My name is Janet and I'm a lariphile. Yes, I admit it, I like gulls. I won't chase a rare warbler or flycatcher, but rare gull is a whole 'nother story, especially if it's a visitor from the high Arctic. I'd been fighting off the urge to go see the Ivory Gull in Gloucester all week. I finally took the plunge and put in for a flex day at Gray Cubicle World today and headed for Gloucester.

First stop, Jodrey State Pier. I see several scopes pointed at the harbor, so pull into a parking space between cars with New Jersey and Maine license plates. I scan the harbor: tons of red breasted mergansers, herring gulls, great black back gulls and several common eiders. I was kind of hoping to score a king eider that has been reported in the area too. No ivory gull. No king eider. People are scanning with binoculars from inside their cars. Lots of them are drinking coffee from travel mugs. Gloucester coffee shops must be doing bang up business today. A guy arrives from Canada and asks one of the scope people if he's seen "it". All ears tune in. Nope. Hasn't seen it. Talked to someone who saw it around 10:00 this morning right there on the buoy. We keep scanning. A huge harbor seal surfaces and looks right at me. Seals do that. (Nancy's convinced that seals think I'm really a selkie. ) I decide to head for the Eastern Point Lighthouse.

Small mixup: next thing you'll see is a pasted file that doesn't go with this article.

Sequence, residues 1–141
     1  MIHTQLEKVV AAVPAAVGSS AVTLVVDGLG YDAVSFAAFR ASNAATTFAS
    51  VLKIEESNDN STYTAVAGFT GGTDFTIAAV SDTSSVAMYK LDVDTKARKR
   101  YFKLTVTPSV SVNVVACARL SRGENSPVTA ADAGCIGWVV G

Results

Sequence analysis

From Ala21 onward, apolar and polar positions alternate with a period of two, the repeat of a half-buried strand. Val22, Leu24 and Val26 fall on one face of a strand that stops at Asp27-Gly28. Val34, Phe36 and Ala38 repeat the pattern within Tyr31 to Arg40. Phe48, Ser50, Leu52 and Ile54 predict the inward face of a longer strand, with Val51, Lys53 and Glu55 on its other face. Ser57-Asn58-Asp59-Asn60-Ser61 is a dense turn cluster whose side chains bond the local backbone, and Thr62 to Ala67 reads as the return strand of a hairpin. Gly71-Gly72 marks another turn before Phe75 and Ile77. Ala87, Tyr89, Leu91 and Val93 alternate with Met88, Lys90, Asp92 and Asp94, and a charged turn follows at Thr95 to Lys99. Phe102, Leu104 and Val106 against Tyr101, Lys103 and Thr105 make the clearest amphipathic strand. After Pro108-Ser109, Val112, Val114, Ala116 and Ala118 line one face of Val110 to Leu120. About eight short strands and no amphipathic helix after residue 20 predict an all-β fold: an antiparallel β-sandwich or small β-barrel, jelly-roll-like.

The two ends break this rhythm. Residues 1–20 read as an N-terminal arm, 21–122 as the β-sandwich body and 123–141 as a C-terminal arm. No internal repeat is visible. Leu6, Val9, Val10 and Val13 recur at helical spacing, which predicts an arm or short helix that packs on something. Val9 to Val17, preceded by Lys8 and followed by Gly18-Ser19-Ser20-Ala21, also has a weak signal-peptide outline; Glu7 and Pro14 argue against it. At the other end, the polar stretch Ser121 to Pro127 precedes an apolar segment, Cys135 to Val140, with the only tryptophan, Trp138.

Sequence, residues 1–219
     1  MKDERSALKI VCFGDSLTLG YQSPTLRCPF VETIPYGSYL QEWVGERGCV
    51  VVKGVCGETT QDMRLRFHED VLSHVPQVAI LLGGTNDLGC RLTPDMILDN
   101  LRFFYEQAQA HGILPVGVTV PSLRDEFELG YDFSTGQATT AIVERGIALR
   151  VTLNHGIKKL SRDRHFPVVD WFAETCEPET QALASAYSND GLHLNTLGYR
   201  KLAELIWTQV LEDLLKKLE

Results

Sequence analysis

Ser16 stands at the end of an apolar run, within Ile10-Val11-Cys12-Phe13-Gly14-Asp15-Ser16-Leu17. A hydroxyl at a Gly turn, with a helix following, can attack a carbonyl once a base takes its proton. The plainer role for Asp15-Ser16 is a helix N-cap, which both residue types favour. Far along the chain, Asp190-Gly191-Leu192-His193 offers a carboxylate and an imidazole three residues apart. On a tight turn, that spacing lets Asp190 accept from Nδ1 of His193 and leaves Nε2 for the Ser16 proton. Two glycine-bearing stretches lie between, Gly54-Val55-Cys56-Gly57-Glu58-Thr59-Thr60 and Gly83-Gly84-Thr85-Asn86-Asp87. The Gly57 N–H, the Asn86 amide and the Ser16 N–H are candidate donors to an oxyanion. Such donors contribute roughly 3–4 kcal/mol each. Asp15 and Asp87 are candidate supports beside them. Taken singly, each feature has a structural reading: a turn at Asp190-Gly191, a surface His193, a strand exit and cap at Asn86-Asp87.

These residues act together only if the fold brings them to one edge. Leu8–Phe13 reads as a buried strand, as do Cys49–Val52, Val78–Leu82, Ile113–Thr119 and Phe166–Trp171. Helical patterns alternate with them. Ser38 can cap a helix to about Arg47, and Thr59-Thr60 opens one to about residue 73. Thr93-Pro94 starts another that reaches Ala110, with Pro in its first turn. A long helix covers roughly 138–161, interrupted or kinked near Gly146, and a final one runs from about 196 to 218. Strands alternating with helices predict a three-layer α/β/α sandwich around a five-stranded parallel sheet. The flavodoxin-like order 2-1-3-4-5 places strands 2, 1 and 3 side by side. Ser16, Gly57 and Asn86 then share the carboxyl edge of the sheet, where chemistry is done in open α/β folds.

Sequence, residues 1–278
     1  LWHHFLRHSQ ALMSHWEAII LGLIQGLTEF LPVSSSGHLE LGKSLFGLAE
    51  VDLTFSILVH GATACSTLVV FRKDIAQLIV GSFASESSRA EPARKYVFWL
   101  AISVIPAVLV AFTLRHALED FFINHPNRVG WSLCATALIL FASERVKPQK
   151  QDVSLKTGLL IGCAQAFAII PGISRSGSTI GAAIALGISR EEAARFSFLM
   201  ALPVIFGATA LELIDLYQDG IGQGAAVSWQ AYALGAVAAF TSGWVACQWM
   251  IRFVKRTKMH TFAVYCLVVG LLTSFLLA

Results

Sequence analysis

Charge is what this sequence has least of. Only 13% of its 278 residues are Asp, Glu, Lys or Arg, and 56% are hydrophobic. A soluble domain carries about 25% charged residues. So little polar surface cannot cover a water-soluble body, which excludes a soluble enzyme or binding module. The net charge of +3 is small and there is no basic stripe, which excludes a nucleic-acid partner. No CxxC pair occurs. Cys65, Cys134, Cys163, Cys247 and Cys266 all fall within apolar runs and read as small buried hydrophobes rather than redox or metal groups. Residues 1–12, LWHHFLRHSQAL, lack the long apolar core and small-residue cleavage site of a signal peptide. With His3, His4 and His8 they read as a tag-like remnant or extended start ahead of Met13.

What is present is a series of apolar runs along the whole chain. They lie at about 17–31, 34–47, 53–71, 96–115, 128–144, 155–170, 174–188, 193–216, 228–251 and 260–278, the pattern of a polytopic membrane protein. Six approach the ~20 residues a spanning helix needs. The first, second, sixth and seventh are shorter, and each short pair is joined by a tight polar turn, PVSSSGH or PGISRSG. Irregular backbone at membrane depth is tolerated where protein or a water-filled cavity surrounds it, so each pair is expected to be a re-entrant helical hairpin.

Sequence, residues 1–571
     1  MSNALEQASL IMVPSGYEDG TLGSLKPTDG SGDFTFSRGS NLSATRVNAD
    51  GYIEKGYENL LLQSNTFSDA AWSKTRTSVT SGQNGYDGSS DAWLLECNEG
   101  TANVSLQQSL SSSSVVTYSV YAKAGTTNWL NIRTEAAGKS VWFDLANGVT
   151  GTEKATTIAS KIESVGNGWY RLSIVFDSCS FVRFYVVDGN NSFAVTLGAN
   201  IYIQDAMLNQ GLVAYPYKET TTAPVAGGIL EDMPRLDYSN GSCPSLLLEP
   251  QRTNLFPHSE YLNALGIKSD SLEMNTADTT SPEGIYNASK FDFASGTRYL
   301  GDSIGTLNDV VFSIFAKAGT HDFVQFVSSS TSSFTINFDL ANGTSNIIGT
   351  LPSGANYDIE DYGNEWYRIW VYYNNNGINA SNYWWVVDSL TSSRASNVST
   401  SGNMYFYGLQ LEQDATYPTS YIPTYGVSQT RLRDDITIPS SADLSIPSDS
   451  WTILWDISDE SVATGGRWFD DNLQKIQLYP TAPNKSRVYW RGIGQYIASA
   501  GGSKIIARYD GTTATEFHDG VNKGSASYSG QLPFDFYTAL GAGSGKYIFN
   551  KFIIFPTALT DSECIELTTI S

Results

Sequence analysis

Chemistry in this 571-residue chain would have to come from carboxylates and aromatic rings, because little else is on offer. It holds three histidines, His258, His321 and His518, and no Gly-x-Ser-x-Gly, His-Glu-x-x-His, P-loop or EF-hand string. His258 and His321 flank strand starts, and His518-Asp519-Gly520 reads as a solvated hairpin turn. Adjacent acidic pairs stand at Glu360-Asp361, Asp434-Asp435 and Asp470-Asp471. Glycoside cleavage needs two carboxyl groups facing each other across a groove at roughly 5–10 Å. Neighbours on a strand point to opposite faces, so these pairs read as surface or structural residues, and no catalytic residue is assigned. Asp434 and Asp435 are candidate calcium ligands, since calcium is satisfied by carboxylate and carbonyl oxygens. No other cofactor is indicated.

It occurs to me that just because the gull was first seen at the lighthouse and has been seen at the pier, that's not the only place it could be. I leave the pier and drive around checking any patch of open water visible from the road. I make a couple of passes, checking every flock of gulls. On Rocky Neck I spy a small flock of birders standing in the road by a little cove. Hmm... As I start to pull over to park, one of them nods yes and beckons to me. This is before I've even parked. Birders must have some way of recognizing tribe members even when the binoculars aren't visible.